Will U.S. owner John Textor's 'Botafogo Way' produce the Bayern Munich of Brazilian football?

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In the traditional heartlands of football, the game has passed down from generation to generation, as a ritual of socialisation where the local club is the focus of community. But this, of course, is not the only possible relationship with the game, especially as football spreads its global popularity.

In the United States, for example, Major League Soccer has little more than a quarter of a century behind it, and has to compete with the European league for viewers. For many in the U.S., then, the entry point has not been the kickabout in the park or the exploits of the modest local team -- their love for and relationship with the game, and this is in no way a criticism, has been nurtured by exposure to the world's top players and teams. Their reference points are the outstanding players and the cutting edge ideas of the coaches. And fascinating times are ahead now that one such individual has taken control of a traditional Brazilian club.

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With new legislation making it easier for Brazil's clubs to have owners, U.S. technology entrepreneur John Textor is taking a 90% stake in Botafogo -- a Rio de Janeiro club with a glorious history who have run into financial difficulties. It is already clear that a new regime has taken over. At the end of last year Botafogo won promotion back to the first division, winning the second division championship on the way. Even so, coach Enderson Moreira has been sacked. In an illuminating interview with Globo Esporte, Textor explained why he made the change.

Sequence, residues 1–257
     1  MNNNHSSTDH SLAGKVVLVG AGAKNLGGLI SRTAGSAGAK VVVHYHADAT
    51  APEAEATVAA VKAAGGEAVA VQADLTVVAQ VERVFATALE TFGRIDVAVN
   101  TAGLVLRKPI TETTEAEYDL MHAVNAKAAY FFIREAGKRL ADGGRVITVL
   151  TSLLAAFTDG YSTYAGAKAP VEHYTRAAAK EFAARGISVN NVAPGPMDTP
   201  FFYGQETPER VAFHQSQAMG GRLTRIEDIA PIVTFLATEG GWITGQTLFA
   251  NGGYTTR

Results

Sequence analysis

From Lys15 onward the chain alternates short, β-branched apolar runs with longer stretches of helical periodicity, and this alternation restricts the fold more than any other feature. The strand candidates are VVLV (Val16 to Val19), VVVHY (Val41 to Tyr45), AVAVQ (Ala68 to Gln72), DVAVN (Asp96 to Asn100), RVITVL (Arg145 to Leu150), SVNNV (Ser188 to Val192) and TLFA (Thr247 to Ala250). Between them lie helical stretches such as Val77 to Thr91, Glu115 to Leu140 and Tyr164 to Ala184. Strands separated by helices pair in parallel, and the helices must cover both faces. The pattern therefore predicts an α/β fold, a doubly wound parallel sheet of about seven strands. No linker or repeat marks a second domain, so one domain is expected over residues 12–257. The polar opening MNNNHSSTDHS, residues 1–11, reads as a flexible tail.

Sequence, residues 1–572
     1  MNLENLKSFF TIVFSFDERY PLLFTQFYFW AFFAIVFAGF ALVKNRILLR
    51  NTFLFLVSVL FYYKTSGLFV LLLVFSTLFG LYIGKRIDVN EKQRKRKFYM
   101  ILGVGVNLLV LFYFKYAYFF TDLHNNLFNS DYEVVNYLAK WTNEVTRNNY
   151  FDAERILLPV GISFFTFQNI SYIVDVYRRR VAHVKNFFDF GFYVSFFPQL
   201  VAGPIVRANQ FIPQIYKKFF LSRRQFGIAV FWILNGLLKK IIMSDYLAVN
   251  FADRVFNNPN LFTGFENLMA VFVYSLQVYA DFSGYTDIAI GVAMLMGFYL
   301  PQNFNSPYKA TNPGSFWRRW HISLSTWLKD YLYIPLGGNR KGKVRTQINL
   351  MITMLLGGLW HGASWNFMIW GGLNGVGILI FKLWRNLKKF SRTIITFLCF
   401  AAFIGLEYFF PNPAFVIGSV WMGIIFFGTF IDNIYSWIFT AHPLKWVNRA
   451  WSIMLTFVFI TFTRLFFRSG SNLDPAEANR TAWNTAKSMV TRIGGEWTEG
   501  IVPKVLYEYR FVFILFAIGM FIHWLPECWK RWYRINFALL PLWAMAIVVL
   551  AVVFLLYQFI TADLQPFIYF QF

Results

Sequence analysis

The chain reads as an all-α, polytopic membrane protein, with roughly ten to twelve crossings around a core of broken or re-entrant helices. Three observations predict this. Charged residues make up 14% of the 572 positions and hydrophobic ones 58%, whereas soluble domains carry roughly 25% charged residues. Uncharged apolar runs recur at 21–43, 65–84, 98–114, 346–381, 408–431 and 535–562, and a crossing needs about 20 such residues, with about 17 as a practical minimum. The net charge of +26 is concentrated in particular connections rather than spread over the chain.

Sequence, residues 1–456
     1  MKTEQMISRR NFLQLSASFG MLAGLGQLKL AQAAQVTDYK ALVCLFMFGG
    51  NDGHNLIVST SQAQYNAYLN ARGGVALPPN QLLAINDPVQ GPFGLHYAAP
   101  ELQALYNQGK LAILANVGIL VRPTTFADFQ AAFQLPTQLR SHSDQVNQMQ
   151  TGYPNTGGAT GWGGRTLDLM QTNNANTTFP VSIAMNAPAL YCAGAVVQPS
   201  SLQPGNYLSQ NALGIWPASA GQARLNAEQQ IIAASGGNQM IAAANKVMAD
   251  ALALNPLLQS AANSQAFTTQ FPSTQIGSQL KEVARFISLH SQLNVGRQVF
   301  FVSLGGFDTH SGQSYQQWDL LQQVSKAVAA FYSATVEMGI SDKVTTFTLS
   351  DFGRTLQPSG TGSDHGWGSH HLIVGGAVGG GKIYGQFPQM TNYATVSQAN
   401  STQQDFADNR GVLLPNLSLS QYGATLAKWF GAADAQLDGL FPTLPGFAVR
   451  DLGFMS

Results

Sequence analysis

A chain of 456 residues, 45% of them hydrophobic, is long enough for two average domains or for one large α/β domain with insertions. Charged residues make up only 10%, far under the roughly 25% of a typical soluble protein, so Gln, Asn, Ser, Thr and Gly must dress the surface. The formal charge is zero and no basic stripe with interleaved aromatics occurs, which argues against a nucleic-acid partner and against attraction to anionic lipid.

"What I saw," he said, "was not a brand of football that I envisioned for Botafogo in the future." And this vision -- "the Botafogo Way" as Textor has branded it -- is very clear in its reference points.

Textor, 56, clearly has a deep love for and firm appreciation of the game. . He has an 80% stake in Molenbeek in the Belgian second division, he owns 40% of Crystal Palace in the Premier League, and he has been linked with buying a stake in Portuguese giants Benfica.

However, what has won him over is the likes of Bayern Munich, Bernardo Silva and Manchester City. He was in the stadium for a recent Champions League game between Benfica and Bayern.

"Bayern dominated them passing the ball around,"he recalls. "The [Benfica] press gets tired, the press stops, Bayern waits and waits and waits and then they pick you apart."

A Textor-style team will "advance the entire formation up the field, and we do our best to retain possession at all costs, to dominate the opponent with possession, with pace. We want to demoralise them."

It is a vision very different from the norms of contemporary Brazilian football. In their defence, Brazil's coaching fraternity will argue that Pep Guardiola's style of play is very hard to introduce -- that the country's pitches are not good enough for a possession-based game, and that the sheer number of matches obliges a conservative, counter attacking approach -- like that of Copa Libertadores champs Palmeiras in the recent Club World Cup.